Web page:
FIG. 27 illustrates a Visio® designed webpage displayed using the SampleManager™ Active Desktop according to an exemplary embodiment of the invention.


In the following detailed description, reference is made to the accompanying drawings which form a part hereof, and in which are shown by way of illustration specific embodiments in which the invention may be practiced. These embodiments are described in sufficient detail to enable those skilled in the art to practice the invention, and it is to be understood that other embodiments may be utilized, and that structural and logical changes may be made without departing from the spirit and scope of the present invention.

The present invention includes the use of a host computer which in turn includes memory such as random access memory (RAM) and a central processing unit (CPU or processor). The system's CPU manipulates data stored in the system's memory. These manipulations occur according to various algorithms also stored in memory. Data manipulated according to the system's algorithms may be derived from an external source apart from the system and relayed to the system via a communication network such as the World Wide Web in one embodiment. The system may be interfaced by a user through an interactive webpage displayed through an information management system, such as, without limitation, a laboratory information management system (LIMS).

In general, the embodiments of this invention utilize the capabilities of diagramming software, such as, for example, Visio®, to create web pages containing laboratory information for viewing through LIMS applications. The web pages have a built-in web browser, such as, for example, the Active Desktop. As a result, there is no need for the LIMS vendor to customize the LIMS application.

Using the LIMS application having a built-in web browser, such as, for example, the Active Desktop to graphically model or storyboard laboratory workflows, according to an exemplary embodiment of the invention, provides immediate system use without the need for extensive training to navigate the application.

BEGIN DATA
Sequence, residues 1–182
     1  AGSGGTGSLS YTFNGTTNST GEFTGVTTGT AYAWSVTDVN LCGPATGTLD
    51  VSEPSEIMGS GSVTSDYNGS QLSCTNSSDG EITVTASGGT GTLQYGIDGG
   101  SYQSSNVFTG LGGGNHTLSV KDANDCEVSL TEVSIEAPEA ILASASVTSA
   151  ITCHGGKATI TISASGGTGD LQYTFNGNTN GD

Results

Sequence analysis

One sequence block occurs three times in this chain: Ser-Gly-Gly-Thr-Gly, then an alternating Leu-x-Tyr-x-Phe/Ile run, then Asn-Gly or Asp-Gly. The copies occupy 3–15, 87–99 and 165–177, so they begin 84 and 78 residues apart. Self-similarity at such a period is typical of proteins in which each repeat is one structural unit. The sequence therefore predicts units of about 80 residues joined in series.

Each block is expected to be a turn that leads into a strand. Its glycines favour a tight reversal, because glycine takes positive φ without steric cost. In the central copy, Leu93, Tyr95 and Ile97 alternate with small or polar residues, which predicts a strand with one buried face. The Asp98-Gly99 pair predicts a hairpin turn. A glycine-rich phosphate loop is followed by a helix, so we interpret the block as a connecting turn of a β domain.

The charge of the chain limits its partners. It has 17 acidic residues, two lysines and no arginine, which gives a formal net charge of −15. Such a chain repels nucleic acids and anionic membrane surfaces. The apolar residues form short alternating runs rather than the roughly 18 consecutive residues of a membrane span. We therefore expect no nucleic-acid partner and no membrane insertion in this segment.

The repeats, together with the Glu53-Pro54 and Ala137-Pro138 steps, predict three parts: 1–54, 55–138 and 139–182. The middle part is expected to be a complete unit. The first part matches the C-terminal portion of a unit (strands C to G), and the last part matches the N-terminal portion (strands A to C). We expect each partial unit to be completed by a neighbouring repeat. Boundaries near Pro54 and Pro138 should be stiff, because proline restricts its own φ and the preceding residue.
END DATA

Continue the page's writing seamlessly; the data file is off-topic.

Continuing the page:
In order to further increase the capabilities of a LIMS application having a built-in web browser, e.g., the Active Desktop, the features and functionality of the diagramming programming, e.g., Microsoft Visio® can be combined with LIMS. Typically, capturing and reporting instrument errors, configuration and maintenance information is excessively time consuming. However, according to an exemplary embodiment of the invention, existing lab layouts, which were created within Visio®, can be immediately and quickly converted to web pages to reduce the configuration and maintenance burden and provide increased graphical functionality. The graphics displayed on the web pages link all of the documentation, reports, errors and other information relating to an instrument together in an easily accessible manner, often through a single instrument icon.

The functionality and utility of LIMS can be extended by utilizing a combination of the properties of web pages, drawings, stencils, templates and shapes created by, for example, the Microsoft Visio® 2003 Professional program and displaying the web pages through the LIMS Active Desktop. Installation of the Visio® Viewer 2003 allows native Visio® files to be displayed directly, for example, through the LIMS Active Desktop.

Representation of information in a graphical format enhances productivity by allowing both logistical and risk assessments to be expedited at critical decision points which impact Good Manufacturing Practices (GxP) regulated laboratory operations and processes. Native Visio® binary files can be viewed directly through the Active Desktop when a Visio Viewer plug-in is installed. This adds enhanced capabilities to the SampleManager™ Active Desktop, for example, by allowing Visio® generated documents resident within other applications (e.g., Documentum a commercially available product from EMC2, Trackwise® a commercially available product from Sparta System, Inc.) to be viewed.

In the alternative, drawings maybe viewed from a controlled storage application, such as, for example, Documentum™ and/or assigned an embedded trigger to initiate the Trackwise™ application to monitor the lifecycle of proposed changes, reviews and change control approvals. It is also possible to link to Documentum™ and Trackwise™. If links and triggers between the three applications are formed, then a UML based workflow design model could be generated.

The LIMS Active Desktop may also be customized. According to the present invention, each user of the LIMS system may have an individual Active Desktop homepage which is loaded when the user logs into LIMS. The custom-made web pages, including any images, may be stored with the LIMS HTML files.

In pharmaceutical operations, such as for example, laboratories, it is often necessary to document laboratory configurations regarding the instruments and their locations, including communication connectivity descriptions for either standalone or networked application installations as part of validation requirements. Accordingly, the present invention and associated workflow models support adherence to GxP guidelines and Validation Best Practices. The invention allows for efficient change control documentation for the Configuration Management Process.